Good luck in all that you pursue!

    ReplyDelete
  2. Thanks for commenting Lew,

    That's a great suggestion. We've been wondering if something like that was possibles so it's nice to hear you've done it. Do you think the long duration of Peace Corps would be a problem, would you expect a committee to hold a seat for two years? If so, that would really be a perfect situation.

    I'm applying to Rugters, UNC at Chapel Hill, University of California at Santa Cruz, Wisconsin at Madison, Wisconsin at Milwaukee, University of Arizona and Cardiff University (Wales); mostly for anthropology programs, but some are sociology.

    Thanks for the advice and thanks for reading,
    Andrew

    ReplyDelete
  3. Okay, you are certainly going about this quite well.
    My experience with my doctoral program at Temple was limited to me requesting that they hold my seat for a year. I shouldn't guess about asking for two years. Perhaps you could just float the idea with your contacts at each school.
    However, if you do ask and they deny or resist, perhaps you could then negotiate for a 'preferred' status when you reapply.
    Nothing ventured - nothing gained,eh?
    You have chosen a great selection of schools, so if any of them take your bait, your decision will become obvious and you will do well.
    BTW - I did my graduate work at UNC-CH and I couldn't speak too highly of that school (not to mention that the geographic region is fantastic).

    Good luck!

    ReplyDelete
  4. Great advice again, thanks!

    Even if I have to re-apply after Peace Corps with preference, I should be more qualified after volunteering, right? I think doing both PC and PhD would be tremendous, I wouldn't start teaching for awhile, but I'm sure it would be worth it.

    I've been to Chapel Hill for just a couple days for a conference and I loved the town too, my only problem was the omnipresence of Tar Heel blue. I'd have to get used to that!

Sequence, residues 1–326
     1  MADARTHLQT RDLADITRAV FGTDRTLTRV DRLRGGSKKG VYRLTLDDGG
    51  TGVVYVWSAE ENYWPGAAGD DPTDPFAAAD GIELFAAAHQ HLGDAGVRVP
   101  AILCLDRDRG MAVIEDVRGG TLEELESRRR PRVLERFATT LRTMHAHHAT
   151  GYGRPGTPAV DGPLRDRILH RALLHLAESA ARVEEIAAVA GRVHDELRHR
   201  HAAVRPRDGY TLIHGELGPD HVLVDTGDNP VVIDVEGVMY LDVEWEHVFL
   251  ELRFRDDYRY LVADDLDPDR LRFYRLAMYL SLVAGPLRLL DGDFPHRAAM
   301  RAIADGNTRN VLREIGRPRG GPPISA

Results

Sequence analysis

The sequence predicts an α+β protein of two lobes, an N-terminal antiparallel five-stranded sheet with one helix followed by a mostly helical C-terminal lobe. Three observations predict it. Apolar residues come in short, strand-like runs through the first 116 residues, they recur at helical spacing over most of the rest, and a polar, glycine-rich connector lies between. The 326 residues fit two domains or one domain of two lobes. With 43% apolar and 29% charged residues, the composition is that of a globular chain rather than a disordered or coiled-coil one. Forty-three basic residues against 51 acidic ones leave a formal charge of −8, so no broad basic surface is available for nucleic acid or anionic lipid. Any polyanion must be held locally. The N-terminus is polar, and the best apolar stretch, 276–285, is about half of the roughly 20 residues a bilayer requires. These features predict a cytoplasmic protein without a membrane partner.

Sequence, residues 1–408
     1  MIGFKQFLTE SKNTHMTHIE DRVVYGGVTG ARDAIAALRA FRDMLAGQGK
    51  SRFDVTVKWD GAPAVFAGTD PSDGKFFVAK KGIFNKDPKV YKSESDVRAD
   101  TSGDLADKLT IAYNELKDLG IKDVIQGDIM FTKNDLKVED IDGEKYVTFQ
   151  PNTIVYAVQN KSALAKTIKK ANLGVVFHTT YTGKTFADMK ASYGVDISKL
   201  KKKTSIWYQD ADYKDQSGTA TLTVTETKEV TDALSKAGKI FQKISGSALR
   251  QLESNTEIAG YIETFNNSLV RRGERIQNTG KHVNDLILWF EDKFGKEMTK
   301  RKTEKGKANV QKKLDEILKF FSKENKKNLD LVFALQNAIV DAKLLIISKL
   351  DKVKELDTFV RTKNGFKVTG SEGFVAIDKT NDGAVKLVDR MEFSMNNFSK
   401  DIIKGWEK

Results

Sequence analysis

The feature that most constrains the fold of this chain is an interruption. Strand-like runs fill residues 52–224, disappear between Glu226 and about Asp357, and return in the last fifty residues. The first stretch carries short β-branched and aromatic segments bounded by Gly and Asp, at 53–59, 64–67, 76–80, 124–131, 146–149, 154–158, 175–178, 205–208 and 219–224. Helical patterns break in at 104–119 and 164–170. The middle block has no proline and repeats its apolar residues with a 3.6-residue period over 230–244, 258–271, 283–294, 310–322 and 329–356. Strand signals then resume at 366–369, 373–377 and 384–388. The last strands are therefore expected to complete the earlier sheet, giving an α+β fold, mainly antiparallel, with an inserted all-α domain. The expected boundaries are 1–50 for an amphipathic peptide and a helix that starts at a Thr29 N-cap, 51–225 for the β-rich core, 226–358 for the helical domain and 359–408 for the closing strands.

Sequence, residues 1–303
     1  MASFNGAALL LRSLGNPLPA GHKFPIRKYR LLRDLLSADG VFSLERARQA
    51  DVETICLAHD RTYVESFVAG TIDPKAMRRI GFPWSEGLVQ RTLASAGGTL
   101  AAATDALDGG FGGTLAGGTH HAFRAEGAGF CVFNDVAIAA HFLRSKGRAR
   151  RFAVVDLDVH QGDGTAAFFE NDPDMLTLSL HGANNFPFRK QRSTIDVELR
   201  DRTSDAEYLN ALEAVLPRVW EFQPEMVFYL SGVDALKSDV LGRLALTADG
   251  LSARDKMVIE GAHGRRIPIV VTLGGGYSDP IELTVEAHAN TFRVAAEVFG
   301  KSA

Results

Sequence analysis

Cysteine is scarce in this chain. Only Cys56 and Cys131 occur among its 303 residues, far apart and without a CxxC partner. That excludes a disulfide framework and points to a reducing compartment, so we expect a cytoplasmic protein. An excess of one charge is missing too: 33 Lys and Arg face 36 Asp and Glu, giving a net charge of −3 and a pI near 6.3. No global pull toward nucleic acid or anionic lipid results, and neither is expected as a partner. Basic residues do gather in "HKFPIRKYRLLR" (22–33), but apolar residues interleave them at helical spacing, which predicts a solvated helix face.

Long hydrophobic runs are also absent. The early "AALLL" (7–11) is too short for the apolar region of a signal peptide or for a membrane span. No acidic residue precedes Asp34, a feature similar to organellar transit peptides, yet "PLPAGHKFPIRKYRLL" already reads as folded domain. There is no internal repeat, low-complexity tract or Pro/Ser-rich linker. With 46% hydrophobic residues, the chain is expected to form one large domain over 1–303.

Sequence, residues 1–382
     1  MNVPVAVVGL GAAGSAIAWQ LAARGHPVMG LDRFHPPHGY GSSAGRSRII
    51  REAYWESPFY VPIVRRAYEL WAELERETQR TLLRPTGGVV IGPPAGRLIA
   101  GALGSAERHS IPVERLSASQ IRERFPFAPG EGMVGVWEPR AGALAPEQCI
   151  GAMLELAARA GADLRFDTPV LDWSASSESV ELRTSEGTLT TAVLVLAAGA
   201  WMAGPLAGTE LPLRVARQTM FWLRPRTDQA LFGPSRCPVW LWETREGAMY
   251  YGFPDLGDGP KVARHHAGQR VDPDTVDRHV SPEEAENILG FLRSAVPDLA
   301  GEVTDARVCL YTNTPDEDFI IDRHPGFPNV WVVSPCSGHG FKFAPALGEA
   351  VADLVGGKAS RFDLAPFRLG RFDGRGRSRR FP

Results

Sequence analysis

Thanks again Lew!

    ReplyDelete
  5. The PC experience on your resume will be very supportive of your academic goal. When I was at UNC-CH I met several RPCVs and I learned that they had a definite advantage in their applications to graduate school.

    If you have bee there, you understand why the Tar Heels say that the sky is blue - - - God is a Tar Heel(!).

    I grew to love that (patented) "Carolina Blue" and I now spot it in all sorts of locations.

    I liked that area so much that I actually moved back to the Research Triangle area from the Pocono Mountains 30 years after getting my master's degree at UNC-CH. I was there less than a year when our economy began to sour. Alas, I had to accept a position in Philadelphia to continue my career.
    What a culture shock.
    So it goes.
    That gave me just one more reason to re-kindle my desire to pursue the Peace Corps.

    I hope that you hear from PC soon.
    Perhaps our paths will cross sometime.

    ReplyDelete
  6. Great, a lot of people in anthropology seem to be RPCVs too so I think it's a relatively common career path.

    I suppose there's no other choice than to love Carolina Blue if you're in Chapel Hill, right? Whether it's voluntary or as a survival mechanism.

    I certainly hope we do cross paths, maybe in Chapel Hill if you find your way back.

    Thanks

    ReplyDelete